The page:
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Web Interface vs. Installation

The easiest way to try out Boogaloo is through the web interface on comcom. Once you get hooked, get a local version of the tool from Downloads: then you can use your favorite text editor for Boogie source files, run both Boogie and Boogaloo on the same file and get the output from the tool gradually instead of all at once.

The download contains the boogaloo executable and a compatible version of the shared library libz3. Put the library somewhere so that the executable can see it (e.g. same directory, PATH).

Running Boogaloo

In this section we will demonstrate various features of Boogaloo on the Array Maximum program. The best way to follow the manual is to use comcom and try all the examples as you go.

The basics

The most basic Boogaloo invocation is:

boogaloo ArrayMax.bpl

(on comcom this corresponds to an empty parameter string).

The above command will try to find one valid execution of procedure Main and upon its termination display the values of all global entities and parameters of Main that were read or written during the execution. You can specify an alternative entry point through the --proc/-p flag. If the source file contains but a single procedure, it will be used as the entry point regardless of its name.

If you are after faults and are not interested in passing executions, use the test mode:

boogaloo test -p Max ArrayMax.bpl

This will try to find one valid failing execution of the procedure Max. If the tool does not succeed after some default number of tries, it will answer "No executions to display".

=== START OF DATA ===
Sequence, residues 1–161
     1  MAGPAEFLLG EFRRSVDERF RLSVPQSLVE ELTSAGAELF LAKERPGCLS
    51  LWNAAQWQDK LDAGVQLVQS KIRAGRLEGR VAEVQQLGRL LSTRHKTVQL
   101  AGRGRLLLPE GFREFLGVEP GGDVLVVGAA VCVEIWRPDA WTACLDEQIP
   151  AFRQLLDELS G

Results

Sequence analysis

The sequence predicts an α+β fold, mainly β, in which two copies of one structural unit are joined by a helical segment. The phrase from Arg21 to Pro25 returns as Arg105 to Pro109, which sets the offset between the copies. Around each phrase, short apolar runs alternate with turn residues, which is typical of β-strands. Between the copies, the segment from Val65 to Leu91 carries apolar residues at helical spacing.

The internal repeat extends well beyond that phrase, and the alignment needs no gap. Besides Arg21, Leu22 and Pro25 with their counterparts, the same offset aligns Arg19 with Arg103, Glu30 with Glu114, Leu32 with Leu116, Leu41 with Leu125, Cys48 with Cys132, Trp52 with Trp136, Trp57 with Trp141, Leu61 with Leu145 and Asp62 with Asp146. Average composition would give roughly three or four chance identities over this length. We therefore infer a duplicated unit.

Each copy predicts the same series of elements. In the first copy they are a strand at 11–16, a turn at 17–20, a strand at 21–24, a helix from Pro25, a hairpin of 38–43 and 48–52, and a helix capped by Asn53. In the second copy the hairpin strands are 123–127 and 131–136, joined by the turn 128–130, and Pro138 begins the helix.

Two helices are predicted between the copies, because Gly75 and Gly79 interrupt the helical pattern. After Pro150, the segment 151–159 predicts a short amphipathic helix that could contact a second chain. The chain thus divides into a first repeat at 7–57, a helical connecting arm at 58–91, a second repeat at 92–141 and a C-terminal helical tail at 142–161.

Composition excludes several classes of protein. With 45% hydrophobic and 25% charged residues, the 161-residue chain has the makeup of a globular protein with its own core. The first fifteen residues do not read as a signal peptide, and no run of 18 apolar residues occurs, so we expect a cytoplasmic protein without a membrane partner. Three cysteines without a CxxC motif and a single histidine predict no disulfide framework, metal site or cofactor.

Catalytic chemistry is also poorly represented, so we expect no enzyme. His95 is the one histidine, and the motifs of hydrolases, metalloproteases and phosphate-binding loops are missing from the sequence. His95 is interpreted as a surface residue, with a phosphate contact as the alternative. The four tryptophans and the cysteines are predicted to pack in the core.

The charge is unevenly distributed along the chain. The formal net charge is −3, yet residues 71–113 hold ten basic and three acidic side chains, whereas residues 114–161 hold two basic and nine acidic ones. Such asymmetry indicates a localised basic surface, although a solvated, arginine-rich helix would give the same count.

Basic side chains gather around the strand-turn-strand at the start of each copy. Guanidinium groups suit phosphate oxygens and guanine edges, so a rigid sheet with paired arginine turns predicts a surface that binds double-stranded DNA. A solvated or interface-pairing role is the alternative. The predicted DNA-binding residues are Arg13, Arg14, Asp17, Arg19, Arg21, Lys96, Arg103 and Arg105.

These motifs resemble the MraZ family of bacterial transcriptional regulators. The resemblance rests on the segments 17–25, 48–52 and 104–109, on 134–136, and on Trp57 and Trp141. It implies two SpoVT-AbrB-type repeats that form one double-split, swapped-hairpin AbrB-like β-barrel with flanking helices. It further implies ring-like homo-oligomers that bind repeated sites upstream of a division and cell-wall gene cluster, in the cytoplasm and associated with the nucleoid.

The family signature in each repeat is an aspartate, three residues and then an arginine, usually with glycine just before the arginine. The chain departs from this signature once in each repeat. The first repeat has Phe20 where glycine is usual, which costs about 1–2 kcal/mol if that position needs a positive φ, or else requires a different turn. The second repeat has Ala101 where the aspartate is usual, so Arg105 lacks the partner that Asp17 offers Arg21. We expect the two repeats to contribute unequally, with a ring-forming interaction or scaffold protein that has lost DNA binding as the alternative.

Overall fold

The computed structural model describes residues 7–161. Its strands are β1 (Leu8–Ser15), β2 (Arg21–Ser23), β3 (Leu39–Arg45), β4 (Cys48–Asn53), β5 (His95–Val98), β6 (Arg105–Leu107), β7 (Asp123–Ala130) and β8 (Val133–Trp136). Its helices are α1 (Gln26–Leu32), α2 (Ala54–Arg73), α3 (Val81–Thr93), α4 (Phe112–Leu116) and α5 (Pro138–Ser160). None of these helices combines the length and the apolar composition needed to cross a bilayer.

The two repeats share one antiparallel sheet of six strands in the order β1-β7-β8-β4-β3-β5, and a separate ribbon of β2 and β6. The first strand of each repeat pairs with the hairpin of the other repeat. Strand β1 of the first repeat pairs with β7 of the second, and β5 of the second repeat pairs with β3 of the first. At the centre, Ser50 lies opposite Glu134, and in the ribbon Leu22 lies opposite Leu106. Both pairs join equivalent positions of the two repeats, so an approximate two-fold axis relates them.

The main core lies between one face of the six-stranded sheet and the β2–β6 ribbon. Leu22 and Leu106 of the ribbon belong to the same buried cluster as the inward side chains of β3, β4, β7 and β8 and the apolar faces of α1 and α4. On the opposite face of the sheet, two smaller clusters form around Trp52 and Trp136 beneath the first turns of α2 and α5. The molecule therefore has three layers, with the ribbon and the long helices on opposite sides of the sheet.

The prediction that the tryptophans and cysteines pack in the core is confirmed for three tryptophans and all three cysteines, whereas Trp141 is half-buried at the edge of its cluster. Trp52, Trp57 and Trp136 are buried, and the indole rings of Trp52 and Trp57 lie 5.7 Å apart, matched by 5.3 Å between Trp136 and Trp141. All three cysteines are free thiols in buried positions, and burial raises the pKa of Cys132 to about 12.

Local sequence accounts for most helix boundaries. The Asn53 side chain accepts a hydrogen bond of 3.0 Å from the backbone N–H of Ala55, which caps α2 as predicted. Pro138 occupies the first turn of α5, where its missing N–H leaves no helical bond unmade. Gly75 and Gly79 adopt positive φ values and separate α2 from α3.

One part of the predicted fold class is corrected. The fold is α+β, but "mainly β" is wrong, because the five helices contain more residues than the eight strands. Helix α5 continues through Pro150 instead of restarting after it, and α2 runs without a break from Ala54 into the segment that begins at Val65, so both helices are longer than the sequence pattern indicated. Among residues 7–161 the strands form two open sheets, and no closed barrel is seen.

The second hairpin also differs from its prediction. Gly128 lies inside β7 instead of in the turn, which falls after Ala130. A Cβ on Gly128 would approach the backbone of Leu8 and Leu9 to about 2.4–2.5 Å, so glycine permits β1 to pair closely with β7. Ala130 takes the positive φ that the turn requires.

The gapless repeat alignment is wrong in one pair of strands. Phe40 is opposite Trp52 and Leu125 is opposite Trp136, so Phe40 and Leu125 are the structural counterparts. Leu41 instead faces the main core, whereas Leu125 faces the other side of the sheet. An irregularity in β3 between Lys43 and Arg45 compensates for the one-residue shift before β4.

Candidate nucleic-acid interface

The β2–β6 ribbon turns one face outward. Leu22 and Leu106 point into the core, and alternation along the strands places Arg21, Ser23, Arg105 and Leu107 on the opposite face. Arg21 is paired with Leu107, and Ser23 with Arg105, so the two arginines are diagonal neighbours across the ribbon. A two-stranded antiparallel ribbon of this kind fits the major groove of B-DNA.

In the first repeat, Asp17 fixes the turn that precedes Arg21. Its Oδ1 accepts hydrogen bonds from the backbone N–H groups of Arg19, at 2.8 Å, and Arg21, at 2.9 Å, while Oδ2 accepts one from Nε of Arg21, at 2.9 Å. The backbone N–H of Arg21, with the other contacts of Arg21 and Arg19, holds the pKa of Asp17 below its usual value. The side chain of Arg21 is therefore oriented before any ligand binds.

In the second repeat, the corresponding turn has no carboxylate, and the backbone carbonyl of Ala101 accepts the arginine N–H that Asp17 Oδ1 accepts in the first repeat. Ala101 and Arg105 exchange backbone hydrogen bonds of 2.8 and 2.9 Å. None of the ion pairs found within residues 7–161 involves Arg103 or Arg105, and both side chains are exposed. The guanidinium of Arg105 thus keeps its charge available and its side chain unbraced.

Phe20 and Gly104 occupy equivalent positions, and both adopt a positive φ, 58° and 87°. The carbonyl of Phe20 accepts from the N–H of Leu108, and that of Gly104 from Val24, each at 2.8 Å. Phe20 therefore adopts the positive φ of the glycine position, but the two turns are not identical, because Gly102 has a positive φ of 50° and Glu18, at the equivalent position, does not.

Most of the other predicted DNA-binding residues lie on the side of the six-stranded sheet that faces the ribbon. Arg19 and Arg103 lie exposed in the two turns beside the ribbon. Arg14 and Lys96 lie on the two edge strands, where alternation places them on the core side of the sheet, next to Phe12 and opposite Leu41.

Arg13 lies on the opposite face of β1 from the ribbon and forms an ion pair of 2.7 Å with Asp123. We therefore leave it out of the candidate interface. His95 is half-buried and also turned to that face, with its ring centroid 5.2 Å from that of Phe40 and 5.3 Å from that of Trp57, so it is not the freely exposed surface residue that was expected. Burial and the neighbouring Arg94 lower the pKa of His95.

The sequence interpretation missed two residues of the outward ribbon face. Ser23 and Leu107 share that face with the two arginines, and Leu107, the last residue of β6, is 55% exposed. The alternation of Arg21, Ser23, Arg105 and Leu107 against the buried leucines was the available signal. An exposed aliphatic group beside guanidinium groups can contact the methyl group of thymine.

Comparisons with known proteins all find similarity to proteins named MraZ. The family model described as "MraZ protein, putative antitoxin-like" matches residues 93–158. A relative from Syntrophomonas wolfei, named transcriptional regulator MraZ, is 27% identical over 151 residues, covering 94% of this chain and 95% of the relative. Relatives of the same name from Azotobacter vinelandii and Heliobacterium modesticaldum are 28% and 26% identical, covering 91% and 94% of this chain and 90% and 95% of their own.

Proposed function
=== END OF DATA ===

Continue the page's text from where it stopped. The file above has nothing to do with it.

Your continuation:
In our case testing reveals a failure when the array length is zero: the maximum of an empty array is not defined. We can fix this error by adding a precondition to Max:

requires N > 0;

How it works

To get a better idea of how to control Boogaloo through various command-line parameters, it is useful to understand a little about how it works. When Boogaloo is given a Boogie program it starts systematically enumerating all paths through that program. On some of those paths the interpreter will encounter an assumption violation and deem such executions infeasible (invalid). Along other paths it will reach an error state, resulting in a failing execution. Finally, along the rest of the paths it will follow the program through and end up in a normal state: such executions are considered passing.

Boogaloo is based on symbolic execution, so it doesn't have to enumerate all possible inputs to the program, only all paths through its control-flow graph. This is pretty cool, because if there is only a finite number of paths, Boogaloo can test such a program exhaustively. Unfortunately most programs contain unbounded loops and/or recursion, which makes for an infinite number of paths, and Boogaloo just has to give up at some point.

After reaching the end of the path, Boogaloo asks the constraint solver Z3 to solver the path constraints, i.e. to come up with concrete values that variables could have in this execution. There can be multiple (and even infinitely many) such solutions per path.

In addition Boogaloo has a concrete execution mode, where the path constraints are solved not only at the end of the program, but in some intermediate states as well. This often improves performance because computing with concrete values is faster. There is a danger, however, that if there are more constraints imposed on the symbolic value later in the execution, we will end up brute-forcing their solutions.

Currently Boogaloo can only enumerate paths in (approximately) depth-first order. This is efficient if the first path you follow is likely to be the one you want, as you don't waste time exploring many paths at once. However, the depth-first strategy sometimes gets stuck producing longer and longer paths and never reconsidering a wrong choice it made at the very beginning of the program. This is where the concrete mode also comes in handy: it changes the order of path exploration, sometimes leading to useful paths being found much faster (we will see an example below).

Using command-line options you can control which paths are explored and in what order, how constraints are solved, which executions are displayed and how. We explain the most useful options below. For a full list check out boogaloo --help.

Command-line options